Primates tend to maintain social contact with a limited number of individuals within their group. But here's the thing: primates with bigger brains tended to have a bigger circle of friends. [Anthropologist Robin] Dunbar reasoned that this was because the number of individuals a primate could track was limited by brain volume.
Then he did something interesting. He plotted brain size against number of contacts and extrapolated to see how many friends a human ought to be able to handle. The number turned out to be about 150.
Since then, various studies have actually measured the number of people an individual can maintain regular contact with. These all show that Dunbar was just about spot on (although there is a fair spread in the results).
What's more, this number appears to have been constant throughout human history--from the size of neolithic villages to military units to 20th century contact books. ...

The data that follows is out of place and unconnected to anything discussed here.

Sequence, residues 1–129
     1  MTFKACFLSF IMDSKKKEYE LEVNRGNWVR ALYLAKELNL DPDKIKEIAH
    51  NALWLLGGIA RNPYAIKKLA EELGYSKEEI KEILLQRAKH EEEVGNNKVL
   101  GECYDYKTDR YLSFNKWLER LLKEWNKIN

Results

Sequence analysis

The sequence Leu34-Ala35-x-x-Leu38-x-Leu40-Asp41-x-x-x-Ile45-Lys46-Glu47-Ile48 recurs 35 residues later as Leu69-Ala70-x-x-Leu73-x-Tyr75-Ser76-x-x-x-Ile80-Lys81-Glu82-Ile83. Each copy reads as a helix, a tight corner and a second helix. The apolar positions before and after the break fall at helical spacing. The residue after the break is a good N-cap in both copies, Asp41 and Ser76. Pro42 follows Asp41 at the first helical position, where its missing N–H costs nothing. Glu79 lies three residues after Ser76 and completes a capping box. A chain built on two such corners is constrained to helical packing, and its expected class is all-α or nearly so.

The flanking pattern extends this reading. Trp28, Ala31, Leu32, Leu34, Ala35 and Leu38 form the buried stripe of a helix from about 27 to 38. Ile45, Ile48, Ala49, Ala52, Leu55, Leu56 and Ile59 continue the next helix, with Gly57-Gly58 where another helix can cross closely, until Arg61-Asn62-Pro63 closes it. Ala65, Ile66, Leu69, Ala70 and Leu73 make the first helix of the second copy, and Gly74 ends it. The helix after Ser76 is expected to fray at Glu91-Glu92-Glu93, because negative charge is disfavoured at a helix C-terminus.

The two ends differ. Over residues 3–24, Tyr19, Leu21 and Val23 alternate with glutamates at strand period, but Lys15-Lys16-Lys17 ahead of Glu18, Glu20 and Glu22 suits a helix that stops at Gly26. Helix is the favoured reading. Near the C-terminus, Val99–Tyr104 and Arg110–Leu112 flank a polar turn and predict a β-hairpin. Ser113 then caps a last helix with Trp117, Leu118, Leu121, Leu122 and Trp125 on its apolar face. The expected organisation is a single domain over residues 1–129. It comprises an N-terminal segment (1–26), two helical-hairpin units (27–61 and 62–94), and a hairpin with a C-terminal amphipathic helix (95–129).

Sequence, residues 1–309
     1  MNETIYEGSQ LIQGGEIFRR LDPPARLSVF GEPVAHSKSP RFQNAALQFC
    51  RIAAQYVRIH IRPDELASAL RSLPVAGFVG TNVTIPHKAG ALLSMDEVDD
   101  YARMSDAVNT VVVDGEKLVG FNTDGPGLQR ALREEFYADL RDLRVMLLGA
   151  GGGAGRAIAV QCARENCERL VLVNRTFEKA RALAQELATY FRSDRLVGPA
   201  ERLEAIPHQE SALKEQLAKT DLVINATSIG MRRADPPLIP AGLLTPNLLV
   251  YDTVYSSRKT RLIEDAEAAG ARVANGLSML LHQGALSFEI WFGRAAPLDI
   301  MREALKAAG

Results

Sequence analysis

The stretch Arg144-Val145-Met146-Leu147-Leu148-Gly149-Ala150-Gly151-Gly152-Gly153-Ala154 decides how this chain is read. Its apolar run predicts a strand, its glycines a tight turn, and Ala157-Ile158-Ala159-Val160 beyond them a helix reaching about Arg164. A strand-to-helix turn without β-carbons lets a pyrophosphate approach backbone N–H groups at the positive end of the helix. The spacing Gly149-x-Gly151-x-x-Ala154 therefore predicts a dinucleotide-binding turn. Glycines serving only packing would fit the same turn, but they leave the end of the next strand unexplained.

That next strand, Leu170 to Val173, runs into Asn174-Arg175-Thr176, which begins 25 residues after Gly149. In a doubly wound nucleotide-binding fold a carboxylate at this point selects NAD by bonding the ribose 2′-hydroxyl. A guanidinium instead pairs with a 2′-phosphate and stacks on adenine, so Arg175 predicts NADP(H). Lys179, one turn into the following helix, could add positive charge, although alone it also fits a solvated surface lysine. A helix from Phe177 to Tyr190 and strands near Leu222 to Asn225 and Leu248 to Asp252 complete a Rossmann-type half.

[Bruno Goncalves and coauthors] studied the network of links created by 3 million Twitter users over 4 years. ...
It turns out that when people start tweeting, their number of friends increases until they become overwhelmed. Beyond that saturation point, the conversations with less important contacts start to become less frequent and the tweeters begin to concentrate on the people they have the strongest links with.
So what is the saturation point? Or, in other words, how many people can tweeters maintain contact with before they get overwhelmed? The answer is between 100 and 200, just as Dunbar predicts.
--Physics arXiv Blog on friendship capacity. HT: ACT